I decided many years ago totally to abstain from alcohol, and it is my opinion that all Christians would do well to make the same decision. I believe this issue is important because it relates to a broader, and thus even more significant subject—that of the modern church’s ongoing move toward becoming more and more like the world.
In the interest of full disclosure, I am biased. I hate alcohol—not the taste (although to be honest, I hate that too), but what it does to people. The first funeral of a teenager that I conducted was of a young man killed by a drunk driver. I’ve had literally hundreds of counseling sessions with couples and spouses as their marriages teetered on the brink because of alcohol. I can’t count the hours I’ve spent in jails and prisons visiting inmates whose lives have been forever negatively impacted because of crimes they committed while under the influence. Even more hours have been spent in emergency rooms, trauma units, and at hospital bedsides, while ministering to victims of alcohol.
The horror stories I could tell could fill a book: the teenaged girl losing her virginity while drinking, the college student brain damaged after a fraternity initiation, the young minister involved in a terrible wreck after having just a couple of beers to relax, and scores of others.
Let me be blunt! I see absolutely no positive argument for something that will make you act like an idiot, smell like a brewery, fight like a fool, impair your motor functions, drain your bank account, give you a hangover, scare your kids, alienate your spouse, make you a danger to your fellow man, and has the potential to enslave you.
I wish I could tell you that all I know about this is from the vantage point of a pastor. Regrettably, I must admit that during my prodigal days drinking was very much a part of my social life, and for the same reason most people start drinking—peer pressure. I wanted to fit in.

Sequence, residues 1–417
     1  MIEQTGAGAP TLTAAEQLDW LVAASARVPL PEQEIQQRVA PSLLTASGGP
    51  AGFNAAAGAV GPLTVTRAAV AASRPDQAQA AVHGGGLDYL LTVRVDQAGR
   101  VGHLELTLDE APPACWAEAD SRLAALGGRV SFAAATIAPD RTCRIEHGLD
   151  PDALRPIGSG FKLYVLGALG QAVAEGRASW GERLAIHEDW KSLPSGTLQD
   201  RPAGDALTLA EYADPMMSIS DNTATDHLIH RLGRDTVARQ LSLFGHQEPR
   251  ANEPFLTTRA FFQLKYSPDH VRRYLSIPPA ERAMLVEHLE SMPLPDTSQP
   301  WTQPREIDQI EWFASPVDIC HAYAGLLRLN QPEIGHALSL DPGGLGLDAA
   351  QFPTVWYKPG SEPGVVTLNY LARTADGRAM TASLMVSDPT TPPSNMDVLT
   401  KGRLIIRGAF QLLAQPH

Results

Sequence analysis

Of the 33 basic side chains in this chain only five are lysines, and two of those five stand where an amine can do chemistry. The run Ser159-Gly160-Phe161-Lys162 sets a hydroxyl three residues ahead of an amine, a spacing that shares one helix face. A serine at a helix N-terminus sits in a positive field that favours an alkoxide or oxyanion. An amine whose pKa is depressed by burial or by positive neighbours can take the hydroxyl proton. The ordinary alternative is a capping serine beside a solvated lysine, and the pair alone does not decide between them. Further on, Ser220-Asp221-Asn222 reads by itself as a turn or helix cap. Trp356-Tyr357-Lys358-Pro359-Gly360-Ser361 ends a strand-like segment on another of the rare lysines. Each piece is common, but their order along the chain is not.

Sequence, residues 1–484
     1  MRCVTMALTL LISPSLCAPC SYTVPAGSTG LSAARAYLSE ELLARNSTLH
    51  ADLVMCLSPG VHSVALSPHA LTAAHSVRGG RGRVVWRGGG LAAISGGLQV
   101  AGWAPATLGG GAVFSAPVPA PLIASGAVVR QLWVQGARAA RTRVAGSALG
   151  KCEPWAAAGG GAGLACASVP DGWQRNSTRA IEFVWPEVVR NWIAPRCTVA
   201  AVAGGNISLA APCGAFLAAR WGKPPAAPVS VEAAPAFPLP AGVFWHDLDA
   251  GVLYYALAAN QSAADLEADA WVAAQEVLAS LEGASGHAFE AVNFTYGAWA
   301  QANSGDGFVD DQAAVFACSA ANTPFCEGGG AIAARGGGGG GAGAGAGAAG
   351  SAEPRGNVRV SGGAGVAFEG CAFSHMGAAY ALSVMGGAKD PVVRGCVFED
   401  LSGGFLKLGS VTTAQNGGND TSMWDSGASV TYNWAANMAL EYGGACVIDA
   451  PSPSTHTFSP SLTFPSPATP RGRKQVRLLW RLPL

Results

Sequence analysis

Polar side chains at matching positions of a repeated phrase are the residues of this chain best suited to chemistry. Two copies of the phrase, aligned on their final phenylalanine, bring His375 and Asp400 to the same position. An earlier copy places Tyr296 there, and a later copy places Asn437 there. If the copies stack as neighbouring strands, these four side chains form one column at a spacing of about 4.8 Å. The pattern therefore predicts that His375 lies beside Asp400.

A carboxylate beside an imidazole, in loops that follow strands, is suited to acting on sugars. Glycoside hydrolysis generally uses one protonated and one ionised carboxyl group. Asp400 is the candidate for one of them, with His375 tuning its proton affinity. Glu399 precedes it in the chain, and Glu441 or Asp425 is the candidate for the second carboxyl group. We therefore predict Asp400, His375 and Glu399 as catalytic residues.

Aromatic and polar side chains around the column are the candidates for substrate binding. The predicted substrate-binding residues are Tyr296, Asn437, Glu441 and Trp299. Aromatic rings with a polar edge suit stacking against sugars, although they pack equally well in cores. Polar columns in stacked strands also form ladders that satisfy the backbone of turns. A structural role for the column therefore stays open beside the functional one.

I can also tell you the time I decided to quit. It was early one morning when I woke up in the middle of a street in front of a frat house across from the Southwest Missouri State University campus. I decided right there and then that drinking could get you killed. I was right.
The Bible’s Counsel
Before we go any further let me state the obvious. I know that Jesus miraculously created wine as his first public miracle in Cana, and that a person could have consumed enough to get drunk. Yes, Paul told Timothy to drink a little wine for medicinal purposes. It is true that the Bible nowhere forbids the drinking of alcohol, only its abuse to the point of drunkenness. Paul said, “Don’t be drunk with wine, because that will ruin your life” (Ephesians 5:18*). It is also true that many people, including many Christians, drink only in moderation; a glass of wine with their dinner or a cold beer on a hot day. And I’m not suggesting that such will make you descend into the gutter.
But let’s consider the whole counsel of God concerning the use of alcohol. Proverbs 23:29, 30 says: “Who has anguish? Who has sorrow? Who is always fighting? Who is always complaining? Who has unnecessary bruises? Who has bloodshot eyes? It is the one who spends long hours in the taverns, trying out new drinks.”
There are six consequences listed in verse 29, all in the form of a rhetorical question, the first of which is, “Who has anguish?” The Hebrew word for anguish is an expression of despair and impending doom. It is no coincidence that 40 percent of suicide attempts are alcohol related. The wise man goes on to ask the source of sorrow, fighting, complaints, unnecessary bruises, bloodshot eyes; and makes it clear that the source is overindulgence of alcohol.
Most people in the ancient world drank alcohol. The Egyptians and Babylonians were manufacturing beer 3,000 years before Christ. But here’s something you need to know. Alcohol use changed radically in AD 700 when Arab chemists discovered how to distill alcohol, which led to the ability to produce highly potent concentrations. Thus the wine and beer produced previous to that was, for the most part, very low in alcoholic content. You could get drunk, but you had to drink a lot to do so.